So, here comes the heat.
I’ve spent the morning inside — thinking, reading, writing, and working (which, readers can well imagine, tend to overlap for me). As the air conditioner has whirred in the background, I’ve contemplated the escalating culture war, the coming fight over a Supreme Court appointment, the need to ramp up for local elections, the best way to handle my eldest child’s final years as a minor, the ways in which I might help to shore up the Church against modern tides, and whether it is more urgent for me to clear out the mess beneath our back deck or seal the wood of a gate I hung just before winter. And so on.
Contemplate. If I’m following my etymological resources correctly, that word means, basically, to create a temple — that is, to set aside space for observation of divine signs.
For a short break from the weighty matters of my augury, I left my temperate office and trod across the lawn to get the mail. Beyond the door is heat, and it’s the first time this year that the air really reminds an organism that the temperature can be a force. A thing. It is felt, not merely understood, and sometimes it requires action beyond thought.
Annually, around this time, one comes across an op-ed or blog post, somewhere, suggesting that air conditioning has played a role in the centralization of our federal government. As the story goes, the heat once drove politicians out of the Washington swamp. Technological advances not only in temperature control, but also in transportation and communication, have made it much more plausible to house a massive bureaucracy in a single place year round and to keep the string pullers at their instruments.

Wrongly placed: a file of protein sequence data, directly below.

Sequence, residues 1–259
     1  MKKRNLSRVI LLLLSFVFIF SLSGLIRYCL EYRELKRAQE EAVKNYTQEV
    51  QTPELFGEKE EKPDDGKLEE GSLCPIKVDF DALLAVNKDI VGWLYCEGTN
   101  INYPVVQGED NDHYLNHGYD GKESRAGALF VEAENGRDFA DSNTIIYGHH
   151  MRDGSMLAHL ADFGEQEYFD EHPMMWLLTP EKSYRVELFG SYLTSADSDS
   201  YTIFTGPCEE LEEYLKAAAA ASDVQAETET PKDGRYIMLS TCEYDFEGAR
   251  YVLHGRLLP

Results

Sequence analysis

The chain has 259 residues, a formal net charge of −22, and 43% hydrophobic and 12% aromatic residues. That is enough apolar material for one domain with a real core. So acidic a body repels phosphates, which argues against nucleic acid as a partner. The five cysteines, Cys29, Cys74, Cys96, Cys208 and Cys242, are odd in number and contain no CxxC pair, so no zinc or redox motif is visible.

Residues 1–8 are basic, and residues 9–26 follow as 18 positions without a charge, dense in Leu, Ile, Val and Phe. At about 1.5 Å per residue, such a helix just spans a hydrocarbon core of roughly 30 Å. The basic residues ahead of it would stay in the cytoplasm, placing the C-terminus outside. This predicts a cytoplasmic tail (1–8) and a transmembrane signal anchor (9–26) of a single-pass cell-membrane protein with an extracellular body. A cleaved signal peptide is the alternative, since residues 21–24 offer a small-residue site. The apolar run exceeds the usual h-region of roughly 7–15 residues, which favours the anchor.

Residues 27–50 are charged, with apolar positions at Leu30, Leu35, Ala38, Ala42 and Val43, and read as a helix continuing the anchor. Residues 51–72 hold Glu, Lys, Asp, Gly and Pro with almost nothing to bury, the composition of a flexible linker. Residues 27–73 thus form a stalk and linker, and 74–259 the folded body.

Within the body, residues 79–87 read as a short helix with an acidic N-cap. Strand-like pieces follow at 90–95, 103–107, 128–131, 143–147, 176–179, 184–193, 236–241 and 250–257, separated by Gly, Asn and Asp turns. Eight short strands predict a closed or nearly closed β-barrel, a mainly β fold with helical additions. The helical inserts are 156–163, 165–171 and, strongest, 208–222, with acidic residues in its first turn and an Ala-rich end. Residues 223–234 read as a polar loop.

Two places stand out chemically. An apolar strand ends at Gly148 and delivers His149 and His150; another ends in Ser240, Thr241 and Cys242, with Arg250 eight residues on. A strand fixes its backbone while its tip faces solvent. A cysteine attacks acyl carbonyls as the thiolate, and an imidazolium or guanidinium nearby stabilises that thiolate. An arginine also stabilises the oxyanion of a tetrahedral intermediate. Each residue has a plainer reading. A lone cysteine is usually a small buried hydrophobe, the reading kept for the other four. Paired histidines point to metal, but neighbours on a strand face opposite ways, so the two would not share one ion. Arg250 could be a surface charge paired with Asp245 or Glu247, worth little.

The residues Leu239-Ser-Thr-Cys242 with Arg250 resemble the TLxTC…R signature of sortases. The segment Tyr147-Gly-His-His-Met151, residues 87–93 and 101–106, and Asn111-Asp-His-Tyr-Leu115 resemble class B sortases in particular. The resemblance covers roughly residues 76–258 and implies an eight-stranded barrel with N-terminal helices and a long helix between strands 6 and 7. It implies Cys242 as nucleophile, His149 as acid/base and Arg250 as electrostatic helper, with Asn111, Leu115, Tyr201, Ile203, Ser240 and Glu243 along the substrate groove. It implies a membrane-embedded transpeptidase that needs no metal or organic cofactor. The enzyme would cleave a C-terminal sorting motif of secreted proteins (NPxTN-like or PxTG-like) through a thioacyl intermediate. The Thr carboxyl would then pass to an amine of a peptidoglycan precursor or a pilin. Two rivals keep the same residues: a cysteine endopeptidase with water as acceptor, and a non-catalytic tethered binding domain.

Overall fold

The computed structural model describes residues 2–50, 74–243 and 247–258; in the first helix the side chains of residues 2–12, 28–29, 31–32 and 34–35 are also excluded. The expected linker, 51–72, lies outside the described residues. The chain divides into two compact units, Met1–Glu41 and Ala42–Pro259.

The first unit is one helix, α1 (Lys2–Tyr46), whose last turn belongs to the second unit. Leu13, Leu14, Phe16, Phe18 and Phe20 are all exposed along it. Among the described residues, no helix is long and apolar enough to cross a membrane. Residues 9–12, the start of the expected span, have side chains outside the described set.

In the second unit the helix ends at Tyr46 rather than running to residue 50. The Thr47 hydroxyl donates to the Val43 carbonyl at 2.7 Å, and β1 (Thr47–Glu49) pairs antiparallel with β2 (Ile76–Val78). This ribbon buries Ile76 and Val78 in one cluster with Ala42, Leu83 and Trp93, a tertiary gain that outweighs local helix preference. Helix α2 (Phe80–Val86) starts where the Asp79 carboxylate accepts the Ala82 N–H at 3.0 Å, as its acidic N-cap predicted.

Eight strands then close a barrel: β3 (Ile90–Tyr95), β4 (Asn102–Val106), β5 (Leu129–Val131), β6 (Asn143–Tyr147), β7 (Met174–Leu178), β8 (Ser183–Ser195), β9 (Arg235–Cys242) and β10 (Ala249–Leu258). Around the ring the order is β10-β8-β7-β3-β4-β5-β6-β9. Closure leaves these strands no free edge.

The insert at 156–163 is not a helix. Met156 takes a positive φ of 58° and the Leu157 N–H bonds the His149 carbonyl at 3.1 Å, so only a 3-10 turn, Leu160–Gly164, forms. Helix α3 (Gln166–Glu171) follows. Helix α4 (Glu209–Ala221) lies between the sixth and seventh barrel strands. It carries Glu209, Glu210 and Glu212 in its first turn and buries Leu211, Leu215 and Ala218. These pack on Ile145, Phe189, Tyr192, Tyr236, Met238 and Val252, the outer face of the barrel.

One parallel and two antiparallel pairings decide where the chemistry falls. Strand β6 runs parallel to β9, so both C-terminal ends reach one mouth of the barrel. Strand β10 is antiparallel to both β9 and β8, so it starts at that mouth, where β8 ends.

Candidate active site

Another image comes to mind of Southern belles of old striving to stay cool, sitting in the shade with iced lemonade, hand-held fans flapping. Striving. In the heat of summer, human beings once had to actively avoid overheating. Too much activity was simply difficult — more so for people whose station in life left them soft.
In that way, nature imposed a natural disadvantage on the contemplators versus the doers. The schemer could leave his temple to impose upon the field worker, but in the heat, the former would be in the territory of the latter. (He could hire muscle, of course, but somewhere on the fringes of consideration would always be the likelihood that the muscler had more in common with the musclee than with the boss.)
Let’s not be nostalgic for the discomforts of the past, but let’s spare some thoughts, from time to time, for the unintended benefits that discomforts might have had. Heat once set limits on economic activity, as it did on the operation of government, and it is good to push our limits. But maybe we need to set new ones. Real progress requires increased balance, not concentrated advantage.
Some of us live more in the heat of life than others, and society is imbalanced when that doesn’t confer some measure of leverage, or at least defense.